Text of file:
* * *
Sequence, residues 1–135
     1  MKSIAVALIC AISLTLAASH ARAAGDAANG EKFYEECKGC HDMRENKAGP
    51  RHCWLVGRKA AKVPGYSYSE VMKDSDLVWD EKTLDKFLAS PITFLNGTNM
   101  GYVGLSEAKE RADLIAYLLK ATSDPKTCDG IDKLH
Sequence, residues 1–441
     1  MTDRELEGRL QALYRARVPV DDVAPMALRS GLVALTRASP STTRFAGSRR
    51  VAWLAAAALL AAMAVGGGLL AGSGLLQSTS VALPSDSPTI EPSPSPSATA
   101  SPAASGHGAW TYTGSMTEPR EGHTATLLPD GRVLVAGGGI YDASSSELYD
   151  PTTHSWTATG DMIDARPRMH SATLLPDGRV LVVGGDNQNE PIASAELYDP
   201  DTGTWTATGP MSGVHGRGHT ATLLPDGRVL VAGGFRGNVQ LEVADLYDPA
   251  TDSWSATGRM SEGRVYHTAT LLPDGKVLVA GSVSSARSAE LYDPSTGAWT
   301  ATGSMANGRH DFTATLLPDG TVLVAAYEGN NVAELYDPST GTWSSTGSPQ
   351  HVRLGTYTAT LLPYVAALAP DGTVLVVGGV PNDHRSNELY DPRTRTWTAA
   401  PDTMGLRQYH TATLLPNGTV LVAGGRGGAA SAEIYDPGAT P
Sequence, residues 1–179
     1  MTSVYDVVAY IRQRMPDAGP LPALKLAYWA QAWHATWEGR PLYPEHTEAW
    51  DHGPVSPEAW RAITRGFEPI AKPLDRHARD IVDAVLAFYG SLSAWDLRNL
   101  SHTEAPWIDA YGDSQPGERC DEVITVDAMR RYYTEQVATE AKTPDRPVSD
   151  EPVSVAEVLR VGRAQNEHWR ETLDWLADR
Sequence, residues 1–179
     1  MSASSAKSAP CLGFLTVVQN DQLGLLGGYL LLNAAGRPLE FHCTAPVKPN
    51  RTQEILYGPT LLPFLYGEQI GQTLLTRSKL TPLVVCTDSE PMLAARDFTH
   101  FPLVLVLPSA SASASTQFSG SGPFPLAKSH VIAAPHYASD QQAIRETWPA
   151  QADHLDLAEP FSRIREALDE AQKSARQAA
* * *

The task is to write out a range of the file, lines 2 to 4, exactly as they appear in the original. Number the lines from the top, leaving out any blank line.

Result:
     1  MKSIAVALIC AISLTLAASH ARAAGDAANG EKFYEECKGC HDMRENKAGP
    51  RHCWLVGRKA AKVPGYSYSE VMKDSDLVWD EKTLDKFLAS PITFLNGTNM
   101  GYVGLSEAKE RADLIAYLLK ATSDPKTCDG IDKLH